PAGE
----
Regards,

Scott Creighton



posted on Jul, 25 2010 @ 06:51 PM
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Back to addressing the points, Scott.


Originally posted by Scott Creighton
"Oufouk" (a varient of "Khufu" reversed) is the modern Egyptian-Arabic word meaning "Horizon".


Uhm... that's not believable, particularly if you've studied linguistics. People don't "borrow" words (creoles, borrow words, etc) and REVERSE them. They use a mangled form of the pronunciation used by other people.

There are quite literally millions of words that are borrow words, including ones in Egyptian and into ancient Egyptian. It would completely undermine the reason for a borrow word to exist (linguistic exchange between two languages.)

Of course, you could disprove what I've just said by providing links by linguists showing that creoles and patois and borrow words where (for purposes of communication) they took a word into their language, reversed it, and made it common use among the people.



The Etymology of Ra'oufou and k'oufou’ – “We read and pronounce the glyphs as they are,...their pronouncements are very close to Arabic.


Yes. Makes more sense from a linguistic standpoint than using the letters derived from, say, Haida or Tlingit. However, as people discovered back in the 1700's, Coptic was the language to study to understand the Ancient Egyptian language. And there's still quite a bit of discussion about how close it is to Semetic languages:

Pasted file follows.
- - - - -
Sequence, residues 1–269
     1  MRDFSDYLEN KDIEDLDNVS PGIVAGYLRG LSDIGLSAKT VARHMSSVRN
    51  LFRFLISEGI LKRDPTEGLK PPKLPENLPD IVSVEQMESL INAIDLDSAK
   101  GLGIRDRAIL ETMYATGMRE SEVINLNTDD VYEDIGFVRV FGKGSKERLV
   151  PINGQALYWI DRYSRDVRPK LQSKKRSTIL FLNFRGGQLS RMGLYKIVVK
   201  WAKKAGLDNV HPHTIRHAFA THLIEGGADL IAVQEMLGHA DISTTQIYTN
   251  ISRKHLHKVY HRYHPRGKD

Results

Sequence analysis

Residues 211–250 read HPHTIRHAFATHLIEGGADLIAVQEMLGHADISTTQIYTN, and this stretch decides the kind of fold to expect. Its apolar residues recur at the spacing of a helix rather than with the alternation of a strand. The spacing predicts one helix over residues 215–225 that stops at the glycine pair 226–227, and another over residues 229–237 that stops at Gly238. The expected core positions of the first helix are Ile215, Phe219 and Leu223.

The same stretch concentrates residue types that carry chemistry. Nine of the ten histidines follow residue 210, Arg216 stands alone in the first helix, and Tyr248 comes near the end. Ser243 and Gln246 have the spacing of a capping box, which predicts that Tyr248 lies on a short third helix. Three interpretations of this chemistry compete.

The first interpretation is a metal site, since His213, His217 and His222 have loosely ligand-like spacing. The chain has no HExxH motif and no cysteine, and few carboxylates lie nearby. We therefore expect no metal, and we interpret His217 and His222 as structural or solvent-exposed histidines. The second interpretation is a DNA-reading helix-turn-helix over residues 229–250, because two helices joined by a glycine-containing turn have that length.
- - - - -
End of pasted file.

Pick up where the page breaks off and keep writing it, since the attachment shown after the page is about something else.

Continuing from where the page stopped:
en.wikipedia.org...


Egypt was the pivotal center of civilization dating to the years of Abraham up to the exodus of Moses.


Except that the beginnings of civilization in Egypt are far older than the lineage of the patriarchs... and that Sumer/Babylon would certainly contest the claim as the 'center of civilization', and so would the Harappans.



When there was famine, Egypt was the bread basket.


That came much later, I'm afraid (around the time of the conquest by Alexander the Great.) Not at the time of Khufu.


The fascinating point to this matter is that the Coptic Lingua was corrupted by the upcoming occupation [by] Greece with its culture and language and likewise by the upcoming Roman Empire.


In the Alexandria area, yes. It survived elsewhere and was wiped out by Arabic after the Muslim conquest of North Africa. Elsewhere along the borders there were variants in the language.


The Hebraic language went through the same corruption with the occupation by Babylonia then Rome. The only Semitic family that kept to its origin were the Bedouins due to the arid desolate landscape of the Arabian Peninsula including the Sinai and parts of Transjordania. These tribes were never conquered or even assimilated with its close neighbors due to Bedouin tradition.